Bonito encebollado : white tuna in dark onion sauce
Lately my life is one of being tied to my desk all day. When I do leave the house in the daytime, it´s to run short errands. But I can never resist going into the market, just to see what´s there.
The other day I wandered in, aimlessly, just because I´d been to the bank and I had a vague idea of buying some fruit.
And then I saw the freshest, most beautiful looking bonito (white tuna, albacore). I had to have it.
Rashly, without thinking, I asked the fishmonger to cut it into chunks, as for marmitako.
Once home, I was sorry, because it would have been heavenly as a big slice,marinated in soy sauce and mirin, and then lightly grilled. But it was too late for that.
I was put off the marmitako, in a fit of pique with myself, so I had to think of another way to do it.
Bonito encebollado came to mind. It´s one of those brilliant ideas, a very simple dish that only requires a bit of patience to do, and pays back a thousand times.
It´s also pretty good for doing ahead. You can make the onion sauce in the morning when it´s still cool, and only do the fish when you want to eat.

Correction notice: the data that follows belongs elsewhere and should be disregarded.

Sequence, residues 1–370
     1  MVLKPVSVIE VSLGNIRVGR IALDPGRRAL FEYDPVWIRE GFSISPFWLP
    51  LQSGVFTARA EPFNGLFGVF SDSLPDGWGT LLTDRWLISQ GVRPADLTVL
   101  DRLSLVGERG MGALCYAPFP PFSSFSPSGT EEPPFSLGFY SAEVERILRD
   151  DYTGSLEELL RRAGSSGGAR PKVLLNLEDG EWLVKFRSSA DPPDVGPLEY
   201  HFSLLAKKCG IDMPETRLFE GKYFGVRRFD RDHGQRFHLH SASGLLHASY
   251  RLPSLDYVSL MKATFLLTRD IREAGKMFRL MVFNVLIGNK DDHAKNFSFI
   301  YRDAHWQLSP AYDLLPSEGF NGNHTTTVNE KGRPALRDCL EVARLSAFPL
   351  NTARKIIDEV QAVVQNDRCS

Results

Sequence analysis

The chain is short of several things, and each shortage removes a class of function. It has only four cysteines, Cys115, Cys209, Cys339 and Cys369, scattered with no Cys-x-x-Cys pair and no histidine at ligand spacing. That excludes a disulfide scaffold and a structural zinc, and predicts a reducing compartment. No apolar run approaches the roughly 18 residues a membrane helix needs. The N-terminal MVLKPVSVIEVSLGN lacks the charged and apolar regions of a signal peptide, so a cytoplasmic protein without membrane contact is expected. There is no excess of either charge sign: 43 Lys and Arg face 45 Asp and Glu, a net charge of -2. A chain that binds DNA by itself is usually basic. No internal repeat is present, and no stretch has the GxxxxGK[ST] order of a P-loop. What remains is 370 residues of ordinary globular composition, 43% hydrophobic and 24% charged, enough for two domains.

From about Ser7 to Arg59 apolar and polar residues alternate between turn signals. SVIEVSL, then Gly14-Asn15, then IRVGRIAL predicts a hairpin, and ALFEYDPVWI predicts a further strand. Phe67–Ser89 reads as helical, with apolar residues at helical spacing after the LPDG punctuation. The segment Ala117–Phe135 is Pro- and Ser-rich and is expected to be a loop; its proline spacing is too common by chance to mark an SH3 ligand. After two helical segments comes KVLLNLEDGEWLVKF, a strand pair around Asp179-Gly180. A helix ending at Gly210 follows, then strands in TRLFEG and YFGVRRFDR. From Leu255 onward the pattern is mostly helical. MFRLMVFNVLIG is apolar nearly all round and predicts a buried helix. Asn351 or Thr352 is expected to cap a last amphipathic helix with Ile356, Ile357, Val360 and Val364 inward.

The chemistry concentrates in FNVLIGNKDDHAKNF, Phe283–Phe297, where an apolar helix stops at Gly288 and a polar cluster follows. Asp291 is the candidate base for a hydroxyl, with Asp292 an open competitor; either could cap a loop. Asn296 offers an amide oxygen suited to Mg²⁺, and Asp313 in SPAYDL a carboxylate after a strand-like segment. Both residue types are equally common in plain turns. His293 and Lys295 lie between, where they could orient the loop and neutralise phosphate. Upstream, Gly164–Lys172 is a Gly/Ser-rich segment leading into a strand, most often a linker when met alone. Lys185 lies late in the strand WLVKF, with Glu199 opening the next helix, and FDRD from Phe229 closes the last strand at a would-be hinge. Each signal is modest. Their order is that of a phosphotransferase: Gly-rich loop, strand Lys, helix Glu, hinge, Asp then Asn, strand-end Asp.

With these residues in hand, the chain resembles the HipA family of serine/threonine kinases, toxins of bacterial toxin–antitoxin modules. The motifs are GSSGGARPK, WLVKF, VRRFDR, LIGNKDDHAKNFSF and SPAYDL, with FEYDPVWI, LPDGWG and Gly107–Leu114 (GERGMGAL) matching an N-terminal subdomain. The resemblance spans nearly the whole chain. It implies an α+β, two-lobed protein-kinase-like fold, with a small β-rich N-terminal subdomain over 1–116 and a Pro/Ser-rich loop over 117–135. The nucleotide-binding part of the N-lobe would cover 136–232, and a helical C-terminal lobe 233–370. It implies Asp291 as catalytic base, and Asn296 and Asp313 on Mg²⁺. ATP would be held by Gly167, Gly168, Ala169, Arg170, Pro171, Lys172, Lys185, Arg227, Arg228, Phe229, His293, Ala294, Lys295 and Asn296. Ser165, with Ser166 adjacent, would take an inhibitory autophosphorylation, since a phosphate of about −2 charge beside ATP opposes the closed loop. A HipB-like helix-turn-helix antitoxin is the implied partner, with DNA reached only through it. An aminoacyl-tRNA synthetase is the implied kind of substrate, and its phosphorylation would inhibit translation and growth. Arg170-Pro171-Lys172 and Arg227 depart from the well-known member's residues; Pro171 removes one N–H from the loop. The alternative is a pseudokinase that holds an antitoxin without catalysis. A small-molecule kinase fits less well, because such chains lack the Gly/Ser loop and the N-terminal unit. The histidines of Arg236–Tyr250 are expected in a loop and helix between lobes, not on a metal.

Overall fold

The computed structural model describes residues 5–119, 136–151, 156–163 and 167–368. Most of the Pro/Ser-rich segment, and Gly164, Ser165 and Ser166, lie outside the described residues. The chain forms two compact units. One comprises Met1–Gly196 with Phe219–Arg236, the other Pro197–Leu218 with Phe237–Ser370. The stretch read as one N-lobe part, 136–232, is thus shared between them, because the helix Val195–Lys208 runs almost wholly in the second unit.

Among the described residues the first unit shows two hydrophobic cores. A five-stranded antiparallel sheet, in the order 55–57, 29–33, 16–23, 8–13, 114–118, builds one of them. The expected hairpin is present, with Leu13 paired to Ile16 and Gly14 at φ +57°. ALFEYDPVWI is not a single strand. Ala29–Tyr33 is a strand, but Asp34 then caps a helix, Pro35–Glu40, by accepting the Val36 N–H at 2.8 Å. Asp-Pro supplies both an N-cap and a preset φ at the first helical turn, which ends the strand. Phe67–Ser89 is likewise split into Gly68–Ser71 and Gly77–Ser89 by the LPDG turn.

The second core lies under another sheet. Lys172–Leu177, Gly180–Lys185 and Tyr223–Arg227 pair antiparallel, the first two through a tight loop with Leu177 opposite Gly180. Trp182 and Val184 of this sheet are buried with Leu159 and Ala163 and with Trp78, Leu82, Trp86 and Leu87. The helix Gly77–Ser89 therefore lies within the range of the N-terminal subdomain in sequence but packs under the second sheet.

You chop a ridiculous amount of onions. For 500 grams of fish, I´d say about 4 or 5 big ones. Peel and slice thinly, or chop. Heat a big skillet or sautee pan with enough olive oil to cover the bottom. Add the onions, and let them cook slowly. When they´ve been there for 15 minutes, I like to add a heaped spoonful of brown sugar.
After 30 minutes or so, they should be caramelized and dark. Add 200 ml of oloroso sherry, or some other generous wine that´s not very sweet. If it is, then don´t add sugar before.
Leave to boil away, and when it´s a dark syrupy mess, add the salted tuna chunks, and grind black pepper over. When they´re white on one side, that´s in seconds, turn them over, leave for a minute, and then cover and turn the fire off. The residual heat will cook the fish, and it will be perfect in five minutes. It´s important not to leave it dry.
Serve with plain white rice.
Quantities for two hearty eaters (aka outright pigs) or three normal people.